Monday, February 3, 2014

More news about Detroit/Wayne County mental health services for DD : Part 2

This is a slightly edited version of the first of three email newsletters for 2014 from Ed Diegel at ddAdvocates:

One of the major concerns facing the Wayne County Community as we enter the New Year is the launch of the new Detroit Wayne Mental Health Authority. This launch will include a reevaluation of the MCPN
[Managers of Comprehensive Networks - service provider networks] service delivery model and there is already a significant amount of political posturing taking place on behalf of the MCPN’s. In addition, there will ongoing struggles to balance resources between programs for persons with substance abuse, mental illness and developmental disabilities

One of our roles is to be sure that whatever the new service delivery model looks like, it is measured by qualitative metrics concerning the real needs of individual people; not by blind ideology, one size fits all thought processes or rules to simplify administration.

One of the real short comings of the current Recipient Rights and Medicaid Appeal processes is that they treat each short coming as an isolated instance and have no provision for enforcing systemic change. If 5 of us filed successful claims around the same issue, there is nothing in place that assures that the 6th person will not have to go through the same process to receive the same services. In a customer driven business activity, the organization responsible for the Rights or Appeal violation would be responsible for fixing the process for everyone, not just the individual who happens to be vocal and effective in making a case.

There is no mechanism in the current process -

  • for sharing and embellishing what is good --there is a lot positive that needs to be given recognition and nurtured
  • for pointing out what is systemically frustrating, wasteful  and wrong
  • for gathering data on unmet needs as perceived by individuals rather than by the administration
  • and most importantly for publishing what we have done as individuals, family members, staff and administrators to obtain appropriate services for ourselves and for our loved ones.
Without this exchange of stories we are easily treated as individuals with bothersome problems rather than as partners in a process that needs to be corrected; we end up feeling marginalized and being treated as if we are the problem rather than part of the solution. And, of course, until there is organizational recognition of our issue, there is no administrative incentive to provide funding for it! [emphasis added]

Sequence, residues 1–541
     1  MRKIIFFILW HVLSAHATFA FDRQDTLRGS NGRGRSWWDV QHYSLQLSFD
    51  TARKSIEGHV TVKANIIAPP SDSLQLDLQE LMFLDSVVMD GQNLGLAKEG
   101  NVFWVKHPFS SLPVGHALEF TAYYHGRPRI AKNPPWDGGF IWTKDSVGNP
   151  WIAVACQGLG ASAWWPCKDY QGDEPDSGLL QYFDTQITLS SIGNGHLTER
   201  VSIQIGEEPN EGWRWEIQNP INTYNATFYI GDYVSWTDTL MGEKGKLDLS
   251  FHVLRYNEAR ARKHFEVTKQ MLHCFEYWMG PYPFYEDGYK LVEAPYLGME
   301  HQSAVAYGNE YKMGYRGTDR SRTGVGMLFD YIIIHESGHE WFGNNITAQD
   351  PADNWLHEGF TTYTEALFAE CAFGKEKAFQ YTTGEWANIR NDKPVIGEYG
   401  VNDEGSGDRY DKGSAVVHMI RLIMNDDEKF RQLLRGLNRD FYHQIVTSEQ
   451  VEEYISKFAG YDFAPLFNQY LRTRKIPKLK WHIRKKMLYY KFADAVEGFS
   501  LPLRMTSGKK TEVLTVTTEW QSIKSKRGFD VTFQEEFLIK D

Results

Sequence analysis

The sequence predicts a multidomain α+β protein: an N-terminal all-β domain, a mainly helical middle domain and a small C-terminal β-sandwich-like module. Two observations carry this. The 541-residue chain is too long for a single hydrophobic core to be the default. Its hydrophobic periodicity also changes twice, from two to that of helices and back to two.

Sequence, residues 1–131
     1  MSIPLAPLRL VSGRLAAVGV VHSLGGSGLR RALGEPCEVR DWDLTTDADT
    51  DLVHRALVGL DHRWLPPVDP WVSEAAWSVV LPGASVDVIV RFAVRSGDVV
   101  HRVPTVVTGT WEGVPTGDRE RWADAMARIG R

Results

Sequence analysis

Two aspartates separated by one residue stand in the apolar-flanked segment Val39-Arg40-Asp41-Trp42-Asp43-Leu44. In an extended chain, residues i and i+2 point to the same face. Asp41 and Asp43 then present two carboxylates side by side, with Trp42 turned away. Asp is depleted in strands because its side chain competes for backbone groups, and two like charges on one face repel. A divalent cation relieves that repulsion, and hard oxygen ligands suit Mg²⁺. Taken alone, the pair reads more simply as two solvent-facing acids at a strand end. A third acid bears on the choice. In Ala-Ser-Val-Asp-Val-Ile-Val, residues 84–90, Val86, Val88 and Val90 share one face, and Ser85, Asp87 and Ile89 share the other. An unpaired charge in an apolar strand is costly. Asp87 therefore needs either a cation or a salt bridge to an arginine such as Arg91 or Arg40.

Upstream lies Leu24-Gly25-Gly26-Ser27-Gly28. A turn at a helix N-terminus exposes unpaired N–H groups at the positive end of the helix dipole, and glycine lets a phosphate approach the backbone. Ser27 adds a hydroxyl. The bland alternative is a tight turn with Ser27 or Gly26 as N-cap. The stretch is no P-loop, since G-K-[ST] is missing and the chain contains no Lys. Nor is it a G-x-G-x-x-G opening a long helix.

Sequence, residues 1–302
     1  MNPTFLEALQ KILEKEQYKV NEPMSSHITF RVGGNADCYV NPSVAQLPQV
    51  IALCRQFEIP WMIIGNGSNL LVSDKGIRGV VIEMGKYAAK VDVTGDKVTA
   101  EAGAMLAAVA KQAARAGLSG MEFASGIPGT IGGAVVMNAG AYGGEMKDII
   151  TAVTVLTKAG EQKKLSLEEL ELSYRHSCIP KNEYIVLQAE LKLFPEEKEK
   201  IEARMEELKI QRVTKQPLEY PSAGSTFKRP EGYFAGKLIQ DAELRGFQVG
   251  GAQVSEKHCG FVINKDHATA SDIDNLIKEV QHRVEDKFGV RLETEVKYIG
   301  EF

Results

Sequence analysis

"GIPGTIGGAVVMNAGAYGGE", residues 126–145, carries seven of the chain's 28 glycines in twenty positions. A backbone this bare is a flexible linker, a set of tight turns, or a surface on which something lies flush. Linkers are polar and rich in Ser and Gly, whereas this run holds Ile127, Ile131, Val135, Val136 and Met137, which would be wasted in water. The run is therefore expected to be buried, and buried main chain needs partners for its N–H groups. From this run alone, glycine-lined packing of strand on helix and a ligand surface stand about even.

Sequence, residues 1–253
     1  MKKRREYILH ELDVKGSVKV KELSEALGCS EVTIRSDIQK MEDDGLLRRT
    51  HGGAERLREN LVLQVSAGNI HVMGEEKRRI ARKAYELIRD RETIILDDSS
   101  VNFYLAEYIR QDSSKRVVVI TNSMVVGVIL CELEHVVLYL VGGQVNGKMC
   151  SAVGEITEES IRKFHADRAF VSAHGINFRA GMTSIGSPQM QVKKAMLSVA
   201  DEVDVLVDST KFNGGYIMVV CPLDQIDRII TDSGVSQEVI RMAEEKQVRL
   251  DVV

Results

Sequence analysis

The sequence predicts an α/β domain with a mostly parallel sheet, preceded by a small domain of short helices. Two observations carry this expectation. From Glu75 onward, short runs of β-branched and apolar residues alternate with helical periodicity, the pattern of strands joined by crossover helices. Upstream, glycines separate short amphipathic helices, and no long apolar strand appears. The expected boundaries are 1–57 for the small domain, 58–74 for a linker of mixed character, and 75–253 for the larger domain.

I have been approached by a group of families who feel that their family member’s needs for effective programs are not being met. I asked them to share their stories so we can all learn from them and possibly provide some assistance and get some organizational awareness within the new Authority. Possibly these first stories will encourage you to share your good news stories or stories of unmet needs or stories concerning battles won and lost in today’s process.

Here is the first of the stories; thanks to the Fosgard family!

I am writing this letter on behalf of my son, Cory Fosgard.  Cory is a 24 year old young man who has Down Syndrome.  He is severely cognitively impaired and nonverbal so his father and I are his voice.  We are blessed to have Cory in our family and plan to care for him for the rest of his life.  As he is aging out of school soon, we are planning for his future.  We are very concerned about the limiting of choices for Cory.

Cory has attended exercise class and other opportunities at the Pep Center in Livonia.  The staff is loving, caring and professional. They treat Cory with respect, and he enjoys his time there.  I had wanted to use this center for Cory’s respite dollars and for work opportunities after he graduates.  Unfortunately, Community Living Services [a Wayne County provider network] will not allow his dollars to be used there.  They do not feel the program fits their “vision”.   I believe their slogan, “Your life your way” is hypocritical.  The life Cory enjoys is being denied by people who do not know him, or what is best for him.  Programs for persons with special needs are not one size fits all.

We have begun the process of switching to Synergy [another provider network] because they will allow Cory to use his dollars at the Pep Center.  It is unfortunate that we have to go through this because CLS refuses to listen to the people their decisions affect.  It is my hope that in the future people making policy for the developmentally disabled will truly listen to the people they serve.

Debbie Fosgard

Let us know your story; there are more to come and each of them is important!!!!

Ed Diegel,
Advocates for Persons with Developmental Disabilities in Wayne County.
and now at

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